G.A. – Oh, there have been several over the years, and generally because I haven’t become engaged with the characters by the time I give up on it. I have no problem with suspension of disbelief, especially in a work of horror, but I need to buy in, to care about the people and events I’m reading about. In general, if I find I’m forcing myself to read it, then I put it down and move on.
Stacey – What’s the last horror movie you watched?
G.A. – That was “1922” on Netflix, based on the Stephen King story. I felt they remained true to the story, and the actors did a good job bringing life to the characters they portrayed. Thomas Jane, in particular, captured the essence of a man haunted by his deeds.
Stacey – What scares you?
G.A. – Hmm, we have a list. I can’t swim, so drowning is up there, as are heights. I’ve always had this “thing”, a phobia perhaps, a mental image of a huge aircraft falling out of the sky, coming down on my location, with me frozen in the spot, unable to try and move to safety. In fact, I wrote a short story about that fear, titled “Nightmare”, which was published in Horror Bites Magazine last year.
Stacey – Favourite musician/band? What’s one song that you can’t get out of your head?
G.A. – Led Zeppelin, no contest. I saw them in concert in 1977, which would prove to be their last US tour because John Bonham died in 1980, and it was the most amazing live musical performance I have ever seen. The song of theirs that stands above the others, at least to me, is “Kashmir”. That song brought the house down in ’77, despite the classics like “Stairway to Heaven”, “Rock and Roll”, “Whole Lotta Love”, and so on that they performed that night.
Stacey – You have stories featured in five different publications. Which would you say is your favourite story?
G.A. – Of those five, I’d say “Bequeath”, which was published in the premiere issue of Hinnom Magazine from Gehenna and Hinnom publishers. It’s a story about a quiet, unassuming man who receives a ring in a box as an inheritance, and that ring carries a dark secret that changes his life forever.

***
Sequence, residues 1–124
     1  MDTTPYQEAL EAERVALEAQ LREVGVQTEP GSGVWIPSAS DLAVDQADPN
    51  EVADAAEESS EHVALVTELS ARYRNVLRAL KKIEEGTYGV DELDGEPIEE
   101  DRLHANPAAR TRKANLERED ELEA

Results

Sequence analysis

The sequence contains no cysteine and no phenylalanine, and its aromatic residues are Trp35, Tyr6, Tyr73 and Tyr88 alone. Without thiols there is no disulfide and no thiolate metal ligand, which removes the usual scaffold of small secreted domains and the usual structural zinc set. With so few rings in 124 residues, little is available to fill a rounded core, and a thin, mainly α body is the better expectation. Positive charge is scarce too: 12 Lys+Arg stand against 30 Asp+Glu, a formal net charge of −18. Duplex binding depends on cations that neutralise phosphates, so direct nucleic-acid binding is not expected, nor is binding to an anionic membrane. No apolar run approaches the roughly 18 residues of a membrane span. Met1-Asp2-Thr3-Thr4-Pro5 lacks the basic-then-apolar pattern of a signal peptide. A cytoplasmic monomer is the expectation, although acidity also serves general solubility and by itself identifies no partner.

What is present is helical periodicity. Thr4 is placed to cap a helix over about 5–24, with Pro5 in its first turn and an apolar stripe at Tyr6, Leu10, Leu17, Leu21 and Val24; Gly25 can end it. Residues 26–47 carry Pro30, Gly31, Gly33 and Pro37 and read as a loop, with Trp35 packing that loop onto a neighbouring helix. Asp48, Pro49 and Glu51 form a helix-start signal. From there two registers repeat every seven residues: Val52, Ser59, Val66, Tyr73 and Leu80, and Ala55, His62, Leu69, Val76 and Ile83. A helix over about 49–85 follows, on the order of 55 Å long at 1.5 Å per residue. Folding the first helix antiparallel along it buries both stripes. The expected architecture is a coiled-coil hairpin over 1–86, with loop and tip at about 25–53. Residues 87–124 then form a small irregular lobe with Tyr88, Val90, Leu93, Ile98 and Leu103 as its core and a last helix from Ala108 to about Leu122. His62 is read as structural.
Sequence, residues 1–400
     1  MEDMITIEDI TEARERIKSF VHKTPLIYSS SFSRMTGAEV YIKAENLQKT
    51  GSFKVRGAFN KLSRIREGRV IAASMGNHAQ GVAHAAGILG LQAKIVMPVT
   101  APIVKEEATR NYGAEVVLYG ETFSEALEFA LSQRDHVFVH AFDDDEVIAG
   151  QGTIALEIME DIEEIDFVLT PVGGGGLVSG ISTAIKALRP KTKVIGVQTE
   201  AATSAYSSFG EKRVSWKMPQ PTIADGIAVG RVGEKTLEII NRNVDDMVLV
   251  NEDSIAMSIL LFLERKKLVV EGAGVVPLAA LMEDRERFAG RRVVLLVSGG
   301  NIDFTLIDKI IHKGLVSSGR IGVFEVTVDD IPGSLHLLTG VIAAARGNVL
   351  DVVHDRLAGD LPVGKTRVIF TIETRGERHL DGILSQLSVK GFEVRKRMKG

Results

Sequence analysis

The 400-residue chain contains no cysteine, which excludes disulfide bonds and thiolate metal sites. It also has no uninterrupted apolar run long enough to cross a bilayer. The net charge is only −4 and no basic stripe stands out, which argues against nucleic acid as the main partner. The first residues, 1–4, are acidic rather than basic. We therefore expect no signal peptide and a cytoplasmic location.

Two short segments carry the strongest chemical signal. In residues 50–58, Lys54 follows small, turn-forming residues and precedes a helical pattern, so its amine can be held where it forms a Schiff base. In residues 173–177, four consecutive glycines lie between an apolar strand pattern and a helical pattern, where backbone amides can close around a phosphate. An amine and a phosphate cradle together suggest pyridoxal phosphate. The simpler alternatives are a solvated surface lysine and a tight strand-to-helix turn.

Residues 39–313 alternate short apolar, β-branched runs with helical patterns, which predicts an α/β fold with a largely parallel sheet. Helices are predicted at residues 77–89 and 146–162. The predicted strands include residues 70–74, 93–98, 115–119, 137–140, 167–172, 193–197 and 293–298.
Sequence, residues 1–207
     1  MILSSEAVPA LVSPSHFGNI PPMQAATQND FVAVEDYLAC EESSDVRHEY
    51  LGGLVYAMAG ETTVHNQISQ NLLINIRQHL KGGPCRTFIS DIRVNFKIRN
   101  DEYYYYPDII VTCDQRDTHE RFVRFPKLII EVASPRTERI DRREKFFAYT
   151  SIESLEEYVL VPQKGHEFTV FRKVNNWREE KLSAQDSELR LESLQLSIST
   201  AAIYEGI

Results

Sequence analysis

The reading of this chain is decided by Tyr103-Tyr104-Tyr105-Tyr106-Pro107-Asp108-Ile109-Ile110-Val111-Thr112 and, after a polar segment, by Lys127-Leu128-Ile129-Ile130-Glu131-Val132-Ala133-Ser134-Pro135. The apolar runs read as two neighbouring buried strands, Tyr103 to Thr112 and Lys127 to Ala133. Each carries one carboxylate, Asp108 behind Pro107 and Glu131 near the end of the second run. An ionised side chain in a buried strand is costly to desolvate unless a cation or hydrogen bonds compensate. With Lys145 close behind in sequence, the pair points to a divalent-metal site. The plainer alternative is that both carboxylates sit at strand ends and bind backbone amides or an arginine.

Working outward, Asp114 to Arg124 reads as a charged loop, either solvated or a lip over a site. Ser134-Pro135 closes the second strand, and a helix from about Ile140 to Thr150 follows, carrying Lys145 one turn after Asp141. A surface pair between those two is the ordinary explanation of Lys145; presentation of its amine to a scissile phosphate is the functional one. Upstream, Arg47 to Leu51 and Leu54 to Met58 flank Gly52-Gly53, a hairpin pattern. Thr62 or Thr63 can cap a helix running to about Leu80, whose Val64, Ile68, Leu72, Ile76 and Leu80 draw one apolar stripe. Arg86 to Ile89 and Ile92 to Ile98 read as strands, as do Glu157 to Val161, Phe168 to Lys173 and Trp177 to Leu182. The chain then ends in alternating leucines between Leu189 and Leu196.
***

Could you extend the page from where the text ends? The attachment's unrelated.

Stacey – What are you working on at the moment?
G.A. – At the moment, I am reworking a novella I wrote last year titled “Spirit of the Dead”, which takes place in the fictional village of Carson’s Mill, RI. I’m also gathering ideas and fleshing out characters for a novel I’m planning, and I’ve just assembled a collection of thirteen stories that I’m considering self-publishing. Lots going on and loving the work!
Stacey – Do you have an excerpt you’d like to share?
G.A. – Of course! My newest short story is called “The Dot”, about a six-year-old boy in 1961 who is fascinated by the way the picture on their black and white TV shrinks to a white dot when turned off, that dot seeming to travel to the back as it gets smaller. Here’s an excerpt from it:
Bobby found himself walking through the apartment, darker than it had ever been before. There was light up ahead, and he followed it into his living room, where their TV was on, but the picture was bright, vivid color, not the fuzzy black and white it had always been. He instinctively realized this had to be a dream but gasped aloud when the man on the screen turned to face him and began talking to him.
“Well, hello there Bobby. It’s so nice to see you.”
“H-hi,” Bobby stammered. He’d never seen this man before, and there was something unsettling about him. He looked very tall, all dressed in black, with a shiny bald head and hair on his chin. He was smiling, but it was a creepy smile, the kind of smile the monsters do just before they pounce on you.
“Would you like to come in and look around, Bobby?”
“You can’t go into a TV mister.”
“Ah, but this is not the kind of TV you’re used to, Bobby. This is a magic TV, do you see?” He waved his hand and the picture behind him changed, showing all of Bobby’s favorite places, his favorite TV shows, everything so brilliant and crisp.
Bobby was frozen in place. He was amazed by what he was seeing, but there was something about that man….
The alarm clock in his mother’s bedroom started ringing then, and the man glared when he heard it, that creepy smile now an angry grimace. Bobby saw flashes of red in his eyes because the picture was so bright, so clear.
The man’s arm extended right through the glass, reaching out for Bobby, and he felt a hand gripping and shaking his arm. His eyes flew open and he found himself back in his bed, his mother shaking his arm gently to wake him.
Thank you so much for your time G.A! If you would like to find out more about G.A. Miller and his writing endeavours, check out the links below.
Thank you so much, Stacey, it’s been an absolute pleasure!
My Website – http://gamiller.info/
My Blog – https://gamiller.blog/